Fruit and vegetable incentive programs can significantly increase sales and the use of food assistance (e.g., SNAP or WIC) at farmers’ markets (Freedman 2014, USDA-King 2014, Young 2013a). In a Massachusetts-based study, produce incentives reduced the gap between baseline fruit and vegetable consumption and recommended levels for a healthy diet by about 20% for SNAP participants (Olsho 2016). In a Philadelphia-based study, purchases with incentives increased by an average of 8 more servings of vegetables and 2.5 more servings of fruit per week than purchases without incentives (); however, other studies suggest more modest effects (Steele-Adjognon 2017).

Fruit and vegetable incentive programs can increase the variety of fruits and vegetables purchased (Steele-Adjognon 2017), and can improve dietary intake for families with low incomes (). Participants with low levels of education who consume low levels of fresh produce before receiving incentives often have the greatest increases in fruit and vegetable consumption (). Fruit and vegetable incentives can also improve home food environments among older adults (), and may improve food security among families with low incomes ().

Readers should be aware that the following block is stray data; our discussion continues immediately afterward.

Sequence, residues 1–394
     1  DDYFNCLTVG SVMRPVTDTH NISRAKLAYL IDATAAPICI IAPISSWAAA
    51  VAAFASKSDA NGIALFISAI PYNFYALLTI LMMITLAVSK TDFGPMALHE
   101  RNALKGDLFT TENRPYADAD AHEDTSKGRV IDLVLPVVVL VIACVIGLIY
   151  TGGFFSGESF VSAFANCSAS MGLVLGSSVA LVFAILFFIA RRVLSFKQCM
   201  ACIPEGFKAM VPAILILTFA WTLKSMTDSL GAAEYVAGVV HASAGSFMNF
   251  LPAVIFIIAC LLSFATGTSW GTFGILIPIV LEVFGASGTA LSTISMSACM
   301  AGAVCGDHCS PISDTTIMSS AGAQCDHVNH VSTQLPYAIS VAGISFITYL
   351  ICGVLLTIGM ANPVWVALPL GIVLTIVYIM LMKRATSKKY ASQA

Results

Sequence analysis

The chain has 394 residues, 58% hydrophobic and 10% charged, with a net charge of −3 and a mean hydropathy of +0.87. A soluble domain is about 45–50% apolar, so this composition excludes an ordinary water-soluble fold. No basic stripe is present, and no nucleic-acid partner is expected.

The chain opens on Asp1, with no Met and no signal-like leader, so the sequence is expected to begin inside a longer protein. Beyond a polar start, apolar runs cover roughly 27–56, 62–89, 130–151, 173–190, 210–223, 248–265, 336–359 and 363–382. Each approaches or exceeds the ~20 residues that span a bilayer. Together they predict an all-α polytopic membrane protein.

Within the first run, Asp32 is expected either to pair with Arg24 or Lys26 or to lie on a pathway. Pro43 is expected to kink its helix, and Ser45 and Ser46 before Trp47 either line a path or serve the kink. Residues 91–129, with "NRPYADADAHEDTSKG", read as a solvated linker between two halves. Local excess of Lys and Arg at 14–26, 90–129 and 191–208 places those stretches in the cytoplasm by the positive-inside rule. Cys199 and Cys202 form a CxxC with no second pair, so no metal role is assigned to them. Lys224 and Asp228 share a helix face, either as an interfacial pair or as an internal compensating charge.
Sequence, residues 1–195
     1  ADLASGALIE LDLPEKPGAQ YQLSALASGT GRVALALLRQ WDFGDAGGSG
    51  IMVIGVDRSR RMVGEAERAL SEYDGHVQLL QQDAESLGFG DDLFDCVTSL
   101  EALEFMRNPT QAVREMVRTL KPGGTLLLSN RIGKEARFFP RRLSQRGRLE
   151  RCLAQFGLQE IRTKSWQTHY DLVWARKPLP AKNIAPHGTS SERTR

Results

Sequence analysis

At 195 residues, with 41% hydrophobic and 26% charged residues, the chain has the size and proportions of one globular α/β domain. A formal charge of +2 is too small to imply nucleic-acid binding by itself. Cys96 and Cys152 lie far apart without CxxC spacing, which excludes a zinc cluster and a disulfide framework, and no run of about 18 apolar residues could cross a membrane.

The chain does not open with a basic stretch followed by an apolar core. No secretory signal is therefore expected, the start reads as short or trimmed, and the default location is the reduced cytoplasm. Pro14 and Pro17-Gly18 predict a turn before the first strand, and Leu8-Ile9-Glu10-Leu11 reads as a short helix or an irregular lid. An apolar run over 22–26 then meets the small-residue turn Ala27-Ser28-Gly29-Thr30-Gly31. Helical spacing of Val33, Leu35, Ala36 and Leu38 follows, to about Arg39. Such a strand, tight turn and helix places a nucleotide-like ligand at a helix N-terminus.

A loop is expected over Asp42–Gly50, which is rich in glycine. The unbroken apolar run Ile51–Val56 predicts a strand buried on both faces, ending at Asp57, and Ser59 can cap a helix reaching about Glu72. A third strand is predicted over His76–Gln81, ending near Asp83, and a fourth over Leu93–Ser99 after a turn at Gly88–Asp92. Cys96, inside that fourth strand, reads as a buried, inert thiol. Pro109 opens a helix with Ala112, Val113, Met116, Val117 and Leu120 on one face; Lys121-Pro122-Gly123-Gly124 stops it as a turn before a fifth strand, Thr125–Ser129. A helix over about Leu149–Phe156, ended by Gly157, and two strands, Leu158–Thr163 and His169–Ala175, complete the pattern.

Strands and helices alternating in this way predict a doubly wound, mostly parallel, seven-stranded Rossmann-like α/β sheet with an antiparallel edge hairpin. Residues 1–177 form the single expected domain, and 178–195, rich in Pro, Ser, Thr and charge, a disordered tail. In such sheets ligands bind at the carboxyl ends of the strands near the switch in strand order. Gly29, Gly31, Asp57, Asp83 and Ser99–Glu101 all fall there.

In some circumstances, increased fruit and vegetable consumption continues two to six months after participation in an incentive program (, AHA-Mozaffarian 2012), which suggests incentives may change food preferences and effects may be sustainable (AHA-Mozaffarian 2012). In other cases, effects do not last (Steele-Adjognon 2017, ).

Combining healthy food incentive programs with restrictions on unhealthy food sales can reduce excess sugar consumption, increase fruit consumption, and improve healthy eating habits more than incentive programs or unhealthy food restrictions alone (French 2017, ). Among older adults, for example, incentive programs increase vegetable consumption but do not replace unhealthy food choices or improve weight outcomes; incentive programs may need a longer duration and additional components to improve eating habits and weight outcomes ().